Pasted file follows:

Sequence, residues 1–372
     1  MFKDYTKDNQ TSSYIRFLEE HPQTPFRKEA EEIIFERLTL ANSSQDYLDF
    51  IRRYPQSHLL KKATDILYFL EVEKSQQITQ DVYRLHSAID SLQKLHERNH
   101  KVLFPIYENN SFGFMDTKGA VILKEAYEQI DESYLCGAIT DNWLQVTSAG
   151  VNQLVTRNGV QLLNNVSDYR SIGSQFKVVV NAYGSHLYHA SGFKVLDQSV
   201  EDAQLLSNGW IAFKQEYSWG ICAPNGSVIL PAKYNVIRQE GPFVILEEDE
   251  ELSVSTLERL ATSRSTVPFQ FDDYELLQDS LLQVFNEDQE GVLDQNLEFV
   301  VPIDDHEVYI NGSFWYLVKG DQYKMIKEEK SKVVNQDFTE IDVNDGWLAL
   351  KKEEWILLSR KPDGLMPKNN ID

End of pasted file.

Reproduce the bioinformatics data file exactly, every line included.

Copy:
Sequence, residues 1–372
     1  MFKDYTKDNQ TSSYIRFLEE HPQTPFRKEA EEIIFERLTL ANSSQDYLDF
    51  IRRYPQSHLL KKATDILYFL EVEKSQQITQ DVYRLHSAID SLQKLHERNH
   101  KVLFPIYENN SFGFMDTKGA VILKEAYEQI DESYLCGAIT DNWLQVTSAG
   151  VNQLVTRNGV QLLNNVSDYR SIGSQFKVVV NAYGSHLYHA SGFKVLDQSV
   201  EDAQLLSNGW IAFKQEYSWG ICAPNGSVIL PAKYNVIRQE GPFVILEEDE
   251  ELSVSTLERL ATSRSTVPFQ FDDYELLQDS LLQVFNEDQE GVLDQNLEFV
   301  VPIDDHEVYI NGSFWYLVKG DQYKMIKEEK SKVVNQDFTE IDVNDGWLAL
   351  KKEEWILLSR KPDGLMPKNN ID